EDUCATION ministers have been accused of having a cavalier attitude towards governors, after failing to show up at a key annual meeting - for the second year running.
Education Secretary David Blunkett, billed as the keynote speaker at the National Governors' Council's annual general meeting, backed out - leaving Peter Makeham, a senior civil servant in charge of the pay and performance policies for teachers, to hold the fort. Last year, schools minister Estelle Morris missed the same meeting.
Carole Thomson, from Oxfordshire governors' association, was applauded when she said: "I find it very, very sad that the NGC has been let down by a senior minister."
Maureen Grace, from Bristol, told Mr Makeham: "It gives the message that neither ministers or you value what governors do."
When Mr Makeham tried to defend his bosses, saying they worked "enormously long hours", he was heckled with calls of "so do we" and "they get paid, we don't".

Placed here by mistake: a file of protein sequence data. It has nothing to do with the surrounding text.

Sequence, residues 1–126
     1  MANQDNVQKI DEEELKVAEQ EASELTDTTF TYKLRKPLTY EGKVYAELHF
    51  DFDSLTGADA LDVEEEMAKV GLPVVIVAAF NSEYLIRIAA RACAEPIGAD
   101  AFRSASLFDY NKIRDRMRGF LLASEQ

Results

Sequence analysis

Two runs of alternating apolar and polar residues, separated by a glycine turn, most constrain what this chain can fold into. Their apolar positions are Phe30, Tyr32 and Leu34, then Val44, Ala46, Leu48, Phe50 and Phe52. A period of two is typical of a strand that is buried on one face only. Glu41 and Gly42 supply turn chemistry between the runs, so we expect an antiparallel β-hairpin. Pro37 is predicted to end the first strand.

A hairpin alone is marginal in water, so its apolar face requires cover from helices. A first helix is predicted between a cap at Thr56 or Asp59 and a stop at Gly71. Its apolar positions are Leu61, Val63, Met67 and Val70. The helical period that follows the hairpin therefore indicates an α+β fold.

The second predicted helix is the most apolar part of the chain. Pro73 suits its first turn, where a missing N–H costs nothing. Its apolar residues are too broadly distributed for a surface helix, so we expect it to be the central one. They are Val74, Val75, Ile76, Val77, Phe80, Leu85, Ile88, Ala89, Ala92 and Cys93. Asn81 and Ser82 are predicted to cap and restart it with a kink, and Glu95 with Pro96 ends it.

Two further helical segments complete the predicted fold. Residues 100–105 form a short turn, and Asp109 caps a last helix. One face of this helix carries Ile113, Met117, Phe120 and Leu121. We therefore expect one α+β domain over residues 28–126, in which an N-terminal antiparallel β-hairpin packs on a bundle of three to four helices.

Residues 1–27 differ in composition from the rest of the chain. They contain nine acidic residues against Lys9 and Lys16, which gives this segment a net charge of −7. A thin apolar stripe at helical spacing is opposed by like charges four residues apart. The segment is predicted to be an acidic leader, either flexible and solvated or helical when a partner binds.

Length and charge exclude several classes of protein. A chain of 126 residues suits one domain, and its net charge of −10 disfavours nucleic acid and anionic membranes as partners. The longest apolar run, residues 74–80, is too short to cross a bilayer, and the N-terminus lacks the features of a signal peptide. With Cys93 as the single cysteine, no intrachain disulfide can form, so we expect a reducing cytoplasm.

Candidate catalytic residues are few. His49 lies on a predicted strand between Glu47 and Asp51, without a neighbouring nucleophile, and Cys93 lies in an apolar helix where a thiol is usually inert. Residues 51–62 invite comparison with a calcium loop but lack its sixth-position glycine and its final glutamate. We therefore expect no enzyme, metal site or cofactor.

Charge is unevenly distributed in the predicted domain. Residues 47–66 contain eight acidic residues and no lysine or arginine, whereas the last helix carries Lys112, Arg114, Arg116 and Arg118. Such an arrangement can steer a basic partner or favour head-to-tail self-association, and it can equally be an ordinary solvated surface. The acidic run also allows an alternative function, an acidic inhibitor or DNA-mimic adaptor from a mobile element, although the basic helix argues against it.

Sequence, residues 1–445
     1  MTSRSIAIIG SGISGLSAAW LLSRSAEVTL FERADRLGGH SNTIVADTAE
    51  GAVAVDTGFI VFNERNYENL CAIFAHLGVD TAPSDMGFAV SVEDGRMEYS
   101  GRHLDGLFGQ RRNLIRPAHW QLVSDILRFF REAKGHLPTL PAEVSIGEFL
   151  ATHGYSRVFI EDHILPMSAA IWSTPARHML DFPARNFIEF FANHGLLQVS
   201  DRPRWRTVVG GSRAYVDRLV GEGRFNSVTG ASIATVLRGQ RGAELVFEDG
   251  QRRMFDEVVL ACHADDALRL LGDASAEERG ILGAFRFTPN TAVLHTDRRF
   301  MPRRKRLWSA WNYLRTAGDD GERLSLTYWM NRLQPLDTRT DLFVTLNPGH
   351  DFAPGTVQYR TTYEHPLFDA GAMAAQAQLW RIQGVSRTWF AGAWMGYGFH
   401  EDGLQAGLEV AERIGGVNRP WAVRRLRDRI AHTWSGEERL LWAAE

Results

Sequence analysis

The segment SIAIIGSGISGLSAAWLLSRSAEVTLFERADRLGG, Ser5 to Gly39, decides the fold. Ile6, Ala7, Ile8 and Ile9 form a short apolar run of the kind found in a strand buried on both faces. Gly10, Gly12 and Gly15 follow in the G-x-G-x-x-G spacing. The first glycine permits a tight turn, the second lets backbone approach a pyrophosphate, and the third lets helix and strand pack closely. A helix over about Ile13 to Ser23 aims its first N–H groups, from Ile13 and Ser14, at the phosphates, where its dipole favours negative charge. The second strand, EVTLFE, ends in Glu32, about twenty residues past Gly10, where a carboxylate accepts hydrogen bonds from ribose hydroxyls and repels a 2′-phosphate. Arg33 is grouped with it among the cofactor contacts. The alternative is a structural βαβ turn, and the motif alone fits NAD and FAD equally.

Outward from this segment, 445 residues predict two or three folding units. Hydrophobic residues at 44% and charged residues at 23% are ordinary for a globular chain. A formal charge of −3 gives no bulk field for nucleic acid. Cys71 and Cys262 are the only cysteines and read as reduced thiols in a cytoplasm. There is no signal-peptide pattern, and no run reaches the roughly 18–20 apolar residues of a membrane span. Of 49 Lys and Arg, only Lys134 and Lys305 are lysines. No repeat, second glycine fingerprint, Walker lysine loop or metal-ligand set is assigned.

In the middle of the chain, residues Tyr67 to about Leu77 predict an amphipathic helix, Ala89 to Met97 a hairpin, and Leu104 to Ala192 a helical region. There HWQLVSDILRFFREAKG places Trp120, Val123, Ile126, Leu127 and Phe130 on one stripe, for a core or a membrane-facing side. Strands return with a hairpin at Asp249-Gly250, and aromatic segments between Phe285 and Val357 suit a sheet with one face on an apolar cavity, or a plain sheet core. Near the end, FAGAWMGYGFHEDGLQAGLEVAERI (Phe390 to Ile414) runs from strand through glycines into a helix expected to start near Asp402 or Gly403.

The council's executive has written to Mr Blunkett, accusing the government of confusion - especially given its own response to a parliamentary report on governors, which said they were "insufficiently appreciated".
"NGC members, who are all unpaid volunteers and have given up their free time, made considerable efforts (some at their own expense) to attend in expectation of hearing from a senior minister.
"They are bound to compare unfavourably their own sacrifice of time with what may appear to them to be cavalier treatment by paid ministers ."
The council's annual meeting, in London, was dominated by concerns about school funding and teacher pay. But the conference did manage to wrest some assurances from Mr Makeham.
He assured them that extra money set aside for schools for good teachers will cover the full cost of any pay rises. The government is offering promotion to a higher pay scale and a pound;2,000 pay-rise to teachers who pass a performance threshold.
Governors were concerned that ministers had failed to take into account the indirect cost of pay rises, including bigger pension payments. Mr Makeham promised that schools would also be refunded for these costs which are estimated to add another 17 per cent to the pound;2,000 bonus.
The government's pay and performance proposals are currently with the School Teachers' Review Body, which is expected to report back in January.
Mr Makeham advised governors not to take up training in performance management and performance-related pay until after the final decisions are made - probably next March - as important details could differ from the Government's current proposals.